England, Australia to play 1st 5-day women's test since 1992

A women's cricket test match will be played over five days for the first time since 1992 in the multi-format Ashes series next year.

Women’s test matches have traditionally been played over four days, as opposed to five in the men’s game. The only previous instance of a five-day test in the women's game was in 1992, when Australia hosted England at North Sydney Oval.

Only six women’s tests have taken place worldwide since 2017, all of them finishing in draws after time ran out.

The decision by the England and Wales Cricket Board and Cricket Australia to break the longstanding convention comes three months after International Cricket Council chairman Greg Barclay said he wanted women to play five-day tests, while at the same time raising doubts about the long-term future of the format in women’s cricket.

“I’m so happy,” England captain Heather Knight said. “I feel like I’ve been banging the drum for five days for a long time, so it’s a special moment. It feels like the right time, for five days, for bigger grounds, and it feels like it’s been a long time coming.

“I probably spent most of my career being grateful for what you’re given. When I started out anything was a bonus, you were just happy to be playing the sport you love for England and not even getting paid, but my eyes have opened a bit more. You see the inequalities you’ve gone through and and not really realized. Moving forward on an equal footing is a logical progression.”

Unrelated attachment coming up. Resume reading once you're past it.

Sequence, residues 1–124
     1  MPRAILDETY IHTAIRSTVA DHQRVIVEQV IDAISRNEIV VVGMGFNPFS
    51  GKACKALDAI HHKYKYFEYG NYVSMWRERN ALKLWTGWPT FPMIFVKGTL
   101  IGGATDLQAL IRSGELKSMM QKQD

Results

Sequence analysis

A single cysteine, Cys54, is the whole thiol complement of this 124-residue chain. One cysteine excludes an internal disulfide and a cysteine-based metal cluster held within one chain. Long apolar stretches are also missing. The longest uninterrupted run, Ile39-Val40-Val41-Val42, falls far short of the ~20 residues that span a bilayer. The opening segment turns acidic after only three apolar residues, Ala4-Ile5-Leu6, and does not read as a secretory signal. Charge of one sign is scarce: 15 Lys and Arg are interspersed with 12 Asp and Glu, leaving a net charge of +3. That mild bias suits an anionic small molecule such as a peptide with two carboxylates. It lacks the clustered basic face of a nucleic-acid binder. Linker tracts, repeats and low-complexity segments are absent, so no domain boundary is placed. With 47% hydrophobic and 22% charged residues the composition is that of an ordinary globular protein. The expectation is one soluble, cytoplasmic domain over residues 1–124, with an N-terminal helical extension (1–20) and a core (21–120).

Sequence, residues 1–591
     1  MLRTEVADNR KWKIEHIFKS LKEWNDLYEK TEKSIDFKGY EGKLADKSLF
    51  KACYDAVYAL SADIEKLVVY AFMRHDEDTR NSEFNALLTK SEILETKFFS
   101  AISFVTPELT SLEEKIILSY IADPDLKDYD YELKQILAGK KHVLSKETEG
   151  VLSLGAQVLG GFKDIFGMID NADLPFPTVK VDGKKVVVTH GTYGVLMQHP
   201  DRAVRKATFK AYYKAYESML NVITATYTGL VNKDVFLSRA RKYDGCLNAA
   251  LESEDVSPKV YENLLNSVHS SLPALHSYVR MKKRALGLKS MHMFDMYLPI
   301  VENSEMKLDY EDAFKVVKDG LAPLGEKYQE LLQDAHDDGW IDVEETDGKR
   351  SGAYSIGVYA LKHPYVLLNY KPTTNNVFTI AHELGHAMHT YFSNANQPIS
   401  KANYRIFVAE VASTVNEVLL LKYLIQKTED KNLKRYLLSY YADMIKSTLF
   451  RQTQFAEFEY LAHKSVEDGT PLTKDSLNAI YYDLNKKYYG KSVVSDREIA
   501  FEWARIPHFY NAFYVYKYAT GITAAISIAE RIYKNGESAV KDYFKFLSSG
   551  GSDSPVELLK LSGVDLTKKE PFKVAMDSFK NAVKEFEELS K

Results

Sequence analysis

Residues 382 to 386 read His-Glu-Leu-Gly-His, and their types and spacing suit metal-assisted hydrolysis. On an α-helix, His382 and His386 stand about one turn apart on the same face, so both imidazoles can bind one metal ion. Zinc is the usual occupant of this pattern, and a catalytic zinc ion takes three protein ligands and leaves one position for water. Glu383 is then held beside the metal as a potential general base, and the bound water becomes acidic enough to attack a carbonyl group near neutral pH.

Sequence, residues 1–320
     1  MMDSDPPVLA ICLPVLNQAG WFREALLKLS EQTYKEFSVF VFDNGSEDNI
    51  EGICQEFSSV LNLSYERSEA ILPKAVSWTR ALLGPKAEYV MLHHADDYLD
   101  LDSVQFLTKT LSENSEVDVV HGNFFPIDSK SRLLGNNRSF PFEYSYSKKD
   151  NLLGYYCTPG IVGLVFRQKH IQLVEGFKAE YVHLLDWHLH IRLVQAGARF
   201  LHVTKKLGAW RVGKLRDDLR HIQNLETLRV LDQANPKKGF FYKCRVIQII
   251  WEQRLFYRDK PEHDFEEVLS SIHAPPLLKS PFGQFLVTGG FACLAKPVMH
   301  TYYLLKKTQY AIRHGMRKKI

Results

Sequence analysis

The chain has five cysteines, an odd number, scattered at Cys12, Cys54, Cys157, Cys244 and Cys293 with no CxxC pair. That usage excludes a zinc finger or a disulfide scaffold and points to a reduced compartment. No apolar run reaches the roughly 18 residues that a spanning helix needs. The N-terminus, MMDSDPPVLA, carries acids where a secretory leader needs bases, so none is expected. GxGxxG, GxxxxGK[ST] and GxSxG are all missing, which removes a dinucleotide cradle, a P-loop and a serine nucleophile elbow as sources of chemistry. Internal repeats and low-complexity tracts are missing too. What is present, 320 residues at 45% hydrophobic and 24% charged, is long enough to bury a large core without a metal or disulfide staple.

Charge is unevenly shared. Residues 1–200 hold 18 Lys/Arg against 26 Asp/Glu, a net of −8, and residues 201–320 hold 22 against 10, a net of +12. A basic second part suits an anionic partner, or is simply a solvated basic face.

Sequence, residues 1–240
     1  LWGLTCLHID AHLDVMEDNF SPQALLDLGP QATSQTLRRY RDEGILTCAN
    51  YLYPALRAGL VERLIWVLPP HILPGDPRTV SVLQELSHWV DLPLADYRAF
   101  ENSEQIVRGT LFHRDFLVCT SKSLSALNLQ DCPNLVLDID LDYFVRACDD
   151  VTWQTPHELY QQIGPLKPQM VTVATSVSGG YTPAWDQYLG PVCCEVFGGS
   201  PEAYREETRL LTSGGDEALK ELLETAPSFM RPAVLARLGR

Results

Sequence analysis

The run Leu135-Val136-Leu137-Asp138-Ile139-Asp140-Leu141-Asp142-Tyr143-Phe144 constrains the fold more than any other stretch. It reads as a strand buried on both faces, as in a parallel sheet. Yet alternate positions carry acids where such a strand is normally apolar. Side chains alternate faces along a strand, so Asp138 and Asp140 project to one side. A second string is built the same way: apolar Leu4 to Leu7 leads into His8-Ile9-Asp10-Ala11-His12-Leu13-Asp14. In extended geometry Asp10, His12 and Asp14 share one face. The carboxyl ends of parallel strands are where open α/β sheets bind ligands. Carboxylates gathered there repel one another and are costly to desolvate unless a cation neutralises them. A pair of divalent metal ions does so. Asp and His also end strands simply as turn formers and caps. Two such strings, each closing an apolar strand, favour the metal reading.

The test will be at Trent Bridge from June 22-26 in a multi-format Ashes series in 2023 that also includes three Twenty20s and three one-day internationals.

They will run alongside the men's Ashes series, which features five tests at Edgbaston, Lord’s, Headingley, Old Trafford and the Oval in June-July.

The growth of women's cricket in England has been underlined by some huge crowds for games in the Hundred tournament this summer as well as during the Commonwealth Games.

“We have clearly entered another phase in terms of the demand for elite women’s sport," said Clare Connor, the ECB interim chief executive. "We’ve seen record numbers flock to stadia for the second season of the Hundred. Now we want to give more fans the chance to watch England Women in person next summer as they compete for the Ashes on home soil.”


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